Microsoft announced late last week it is acquiring Maluuba, a Montreal-based company that runs what Microsoft calls one of the world’s most impressive deep-learning research labs for natural language understanding. In a blog post announcing the deal, Microsoft said Maluuba’s expertise in deep learning and reinforcement learning for question-answering and decision-making systems will help to “democratize AI and to make it accessible and valuable to everyone — consumers, businesses and developers.”
Microsoft said the startup’s vision to create literate computers that can think, reason and communicate like humans is in lockstep with its own vision.
“I’ve been in the AI research and development field for more than 20 years now, and I’m incredibly excited about the scenarios that this acquisition could make possible in conversational AI,” Harry Shum, EVP of Microsoft Artificial Intelligence and Research Group, said in the blog post. “Imagine a future where, instead of frantically searching through your organization’s directory, documents or emails to find the top tax law experts in your company, for example, you could communicate with an AI agent that would leverage Maluuba’s machine comprehension capabilities to immediately respond to your request. The agent would be able to answer your question in a company security-compliant manner by having a deeper understanding of the contents of your organization’s documents and emails, instead of simply retrieving a document by keyword matching, which happens today. This is just one of hundreds of scenarios we could imagine as Maluuba pushes the state-of-the-art technology of machine literacy.”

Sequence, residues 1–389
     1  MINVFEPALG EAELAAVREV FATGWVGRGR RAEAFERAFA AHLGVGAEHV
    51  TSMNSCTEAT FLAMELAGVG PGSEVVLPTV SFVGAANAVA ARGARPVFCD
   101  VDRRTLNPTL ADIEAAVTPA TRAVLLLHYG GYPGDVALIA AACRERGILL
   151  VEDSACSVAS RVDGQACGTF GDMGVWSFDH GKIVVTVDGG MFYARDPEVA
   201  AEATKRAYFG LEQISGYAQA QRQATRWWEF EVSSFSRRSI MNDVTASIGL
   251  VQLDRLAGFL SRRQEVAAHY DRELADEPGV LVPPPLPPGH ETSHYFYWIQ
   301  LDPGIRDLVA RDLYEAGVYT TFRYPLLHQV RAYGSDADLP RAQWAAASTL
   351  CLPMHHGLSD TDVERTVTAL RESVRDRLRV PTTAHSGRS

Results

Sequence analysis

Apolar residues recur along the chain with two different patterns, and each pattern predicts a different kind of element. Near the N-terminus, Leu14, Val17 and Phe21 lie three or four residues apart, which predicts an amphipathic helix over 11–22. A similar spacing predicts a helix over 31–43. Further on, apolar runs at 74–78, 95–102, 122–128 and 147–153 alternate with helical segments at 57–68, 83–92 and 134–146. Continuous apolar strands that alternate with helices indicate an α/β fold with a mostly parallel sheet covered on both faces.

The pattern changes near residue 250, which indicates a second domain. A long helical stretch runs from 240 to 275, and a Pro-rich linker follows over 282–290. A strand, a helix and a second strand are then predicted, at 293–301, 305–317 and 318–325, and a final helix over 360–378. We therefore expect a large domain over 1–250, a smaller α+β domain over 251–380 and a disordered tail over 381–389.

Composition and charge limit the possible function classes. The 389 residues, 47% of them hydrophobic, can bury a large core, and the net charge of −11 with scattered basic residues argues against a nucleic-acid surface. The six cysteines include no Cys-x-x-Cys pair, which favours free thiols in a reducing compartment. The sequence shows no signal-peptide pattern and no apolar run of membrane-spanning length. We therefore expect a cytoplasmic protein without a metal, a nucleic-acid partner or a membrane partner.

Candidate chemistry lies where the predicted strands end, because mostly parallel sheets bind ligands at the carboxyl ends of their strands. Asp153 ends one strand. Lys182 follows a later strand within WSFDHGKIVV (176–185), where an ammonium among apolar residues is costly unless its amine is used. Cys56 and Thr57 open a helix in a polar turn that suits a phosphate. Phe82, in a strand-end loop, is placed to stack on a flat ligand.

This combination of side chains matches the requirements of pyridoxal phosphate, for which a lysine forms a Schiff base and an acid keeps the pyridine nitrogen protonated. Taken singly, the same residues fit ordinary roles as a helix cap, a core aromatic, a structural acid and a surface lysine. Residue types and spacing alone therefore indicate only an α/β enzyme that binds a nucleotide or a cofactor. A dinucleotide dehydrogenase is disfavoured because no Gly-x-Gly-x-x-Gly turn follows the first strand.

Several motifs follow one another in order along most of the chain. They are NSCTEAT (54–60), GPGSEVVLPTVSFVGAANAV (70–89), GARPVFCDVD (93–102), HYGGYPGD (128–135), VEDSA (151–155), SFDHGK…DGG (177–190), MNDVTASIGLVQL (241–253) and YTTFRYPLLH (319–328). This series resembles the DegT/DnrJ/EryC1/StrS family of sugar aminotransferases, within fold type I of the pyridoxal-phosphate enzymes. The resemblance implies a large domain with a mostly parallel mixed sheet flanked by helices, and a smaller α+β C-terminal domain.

Maluuba Cofounders Sam Pasupalak and Kaheer Suleman and the research team will become part of Microsoft’s Artificial Intelligence and Research organization. Additionally, Yoshua Bengio, one of the world’s foremost experts in deep learning, head of the Montreal Institute for Learning Algorithms and an advisor to Maluuba, will also be advising Microsoft.
“As an admirer of Yoshua’s work from a distance, I’m really looking forward to this opportunity to work more closely with him and to benefit from his deep-learning systems expertise,” Shum said.